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Pastor

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Hi all!
Quick background- got a Mr. Beer for Xmas, loved it! Discovered Wee Heavy refills, I just thought I was in love before! Upgraded to Coopers 5 gallon fermenter.
...realized I don't have anything big enough to heat that much of anything in lol
Can I
1)do 3 two gallon runs on my stovetop?
2)break down and buy an x gallon stainless pot? 5? 6? 10?

My available heating options are;
A) firepit
B) gas grill
C) camp stove (1 or 2 burner)
D) stovetop

Or run two 3 gallon pots at the same time and combine?

Thanks for any info 😀

I'm going to go and peruse the mead making forum while...ooh! a cheese forum too!
 

Jag75

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Hello and welcome to HBT!

If your starting out brewing extract kits you can boil 2 to 3 gallons then top off with cold bottled water.

I did many of batches in a 5 gallon pot on my stove top when I first started.
 

Transamguy77

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If it’s a prehopped kit you don’t have to boil them, I used to just dump a Coopers can right into 5 gallons of cold water and use enough hot water to clean out the can and then pitch my yeast.

Although a large pot will always come in handy.
 

GoodTruble

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Agreed that you can get away with just mixing extract kits into 2-3 gallons of water to warm and then add 2-3 gallons of sanitized water to the fermenter. (I would add cool water first, then warm, in a plastic fermenter).

If you want to boil 5 gallons together, you will need a 7-8 gallon kettle. If you think you will keep brewing for at least a year, may want to just buy a slightly better kettle now, instead of spending $30-$50 on a cheap kettle now and then $100+ later.

But if you just want something cheap, walmart's website has cheap 5 & 8 gallons kettles for $28-$70. Atlantic Brew Supply has a decent line of economy kettles too.

If you want something a little better, check the major homebrew websites (morebeer; adventures in homebrewing; northern brewer; atlantic brew supply (you may have 15% off code advert at the top if this page - I do anyway)).

It really comes down to how much you plan to keep brewing (-but you sound like someone who may be sticking with it awhile =c) ).
 

GoodTruble

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Oh, I would stick with stovetop. Easier to control the temps and easier to brew indoors.
 
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Are the refills from Mr Beer? It looks like they're pre-hopped extract kits, so it would be very easy to mix a few kits across multiple pots (or one pot a few times) on your stovetop. I'm making an assumption that you want to combine multiple kits (looks like 2 gallons each?) into a 5 gallon fermenter. Is that correct?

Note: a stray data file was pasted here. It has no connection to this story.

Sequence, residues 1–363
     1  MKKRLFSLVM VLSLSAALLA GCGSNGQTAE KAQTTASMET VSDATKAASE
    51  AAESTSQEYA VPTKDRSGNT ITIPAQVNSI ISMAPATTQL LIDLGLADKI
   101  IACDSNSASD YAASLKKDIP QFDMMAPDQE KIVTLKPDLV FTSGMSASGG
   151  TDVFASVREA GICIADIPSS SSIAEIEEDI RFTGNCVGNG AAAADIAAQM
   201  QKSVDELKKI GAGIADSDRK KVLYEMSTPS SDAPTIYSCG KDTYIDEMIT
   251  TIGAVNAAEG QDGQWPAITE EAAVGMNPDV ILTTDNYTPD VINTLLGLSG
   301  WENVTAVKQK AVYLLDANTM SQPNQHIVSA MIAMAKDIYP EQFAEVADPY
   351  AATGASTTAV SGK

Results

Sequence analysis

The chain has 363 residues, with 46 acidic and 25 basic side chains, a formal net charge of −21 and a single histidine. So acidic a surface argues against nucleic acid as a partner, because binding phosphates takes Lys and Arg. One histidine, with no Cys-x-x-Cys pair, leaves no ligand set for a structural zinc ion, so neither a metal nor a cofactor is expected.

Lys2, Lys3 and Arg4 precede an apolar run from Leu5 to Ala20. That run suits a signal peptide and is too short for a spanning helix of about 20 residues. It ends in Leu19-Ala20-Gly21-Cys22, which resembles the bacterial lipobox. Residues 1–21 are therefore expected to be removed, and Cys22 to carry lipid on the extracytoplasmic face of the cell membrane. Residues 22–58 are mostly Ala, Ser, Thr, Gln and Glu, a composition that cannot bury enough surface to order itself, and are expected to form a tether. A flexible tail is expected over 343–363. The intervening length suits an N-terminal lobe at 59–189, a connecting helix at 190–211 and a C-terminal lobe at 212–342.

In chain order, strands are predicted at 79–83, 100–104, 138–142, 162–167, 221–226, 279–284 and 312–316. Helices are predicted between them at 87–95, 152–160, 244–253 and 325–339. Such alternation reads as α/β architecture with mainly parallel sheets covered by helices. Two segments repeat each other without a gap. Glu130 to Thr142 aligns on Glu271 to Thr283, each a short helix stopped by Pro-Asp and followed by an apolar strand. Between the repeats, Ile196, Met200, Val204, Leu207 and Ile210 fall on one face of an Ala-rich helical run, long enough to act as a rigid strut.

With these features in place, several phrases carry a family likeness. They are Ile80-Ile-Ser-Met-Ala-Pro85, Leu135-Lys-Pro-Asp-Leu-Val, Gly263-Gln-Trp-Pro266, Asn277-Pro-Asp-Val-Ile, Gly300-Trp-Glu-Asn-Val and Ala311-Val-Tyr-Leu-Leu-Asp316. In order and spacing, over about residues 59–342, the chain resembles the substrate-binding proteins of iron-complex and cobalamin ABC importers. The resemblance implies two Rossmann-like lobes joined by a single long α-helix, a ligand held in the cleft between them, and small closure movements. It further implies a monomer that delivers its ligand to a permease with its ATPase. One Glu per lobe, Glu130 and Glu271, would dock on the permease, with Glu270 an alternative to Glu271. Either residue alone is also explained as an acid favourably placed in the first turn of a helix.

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Pastor

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Thank you for the info all!

I (eventually) want to get into all grain brewing so that would be a 7-8 gallon pot then. That's a big pot on the stove top lol

Extract brewing is damn convenient and I'll stick with that while I learn and experiment with my 2 gallon kegs.

Again, thank you all for the help! 😀
 

Mike B1190

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If you get to the point of doing all grain - full boils for 5 gallon batches with 60 minute boil times, you're going to need to start off with 6 - 7 gallons of wort to account for evaporation. Because of this, I would recommend a 10 gallon kettle if you can find one in your price range. While a 7 or 8 gallon pot is workable, I find it very helpful to have extra room in the kettle to allow for the foam to rise during the hot break when the boil starts. You also can get a lot of foaming when adding hops. You don't want to have to clean your stove after a boil over. It's not fun and will probably anger SWMBO.

Also, as you mentioned, that's a lot of liquid to bring up to a boil on the stove top. Depending on the output of your stove burners, you might have difficulty bringing that volume up to a boil on your stove without extra help. You could get a heating element, like a bucket heater to help give your stove a boost to get it to boiling. Some people insulate their kettles in reflectix and such, but that's another topic. Plenty of us are using outdoor propane burners/turkey fryers. These can usually be purchased in combination with a 7 or 8 gallon stainless kettle at fairly affordable prices. That might be a good place to start and you can upgrade later if you find it necessary.

Welcome to the hobby.
 

hamachi

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Or run two 3 gallon pots at the same time and combine?
This. I have been doing 3-pot boils on my crappy electric stove for my last 30 batches or so. The biggest pot is 5 gallons, the smallest 1.75. The first running from mash-in-a-bag goes into the big pot, with two batch sparges going into the others. By the end of the boil, I'm down to 2 pots which I combine into the big one and then use an immersion chiller to cool it down.

It's all very easy, and I never have to lift a very heavy pot. For a 5-gallon batch, I end up with about 3.8 gallons of chilled wort which I dilute in the fermenter to the target gravity or volume.
 

Jim R

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If you really intend to expand to bigger batches, all grain, etc., do yourself a favor and get a decent burner. It is frustrating trying to do this with inadequate equipment. For me, the biggest downside to homebrewing is the amount of time that it takes on brew days. I reduced my time dramatically when I finally bought a fast burner.
 
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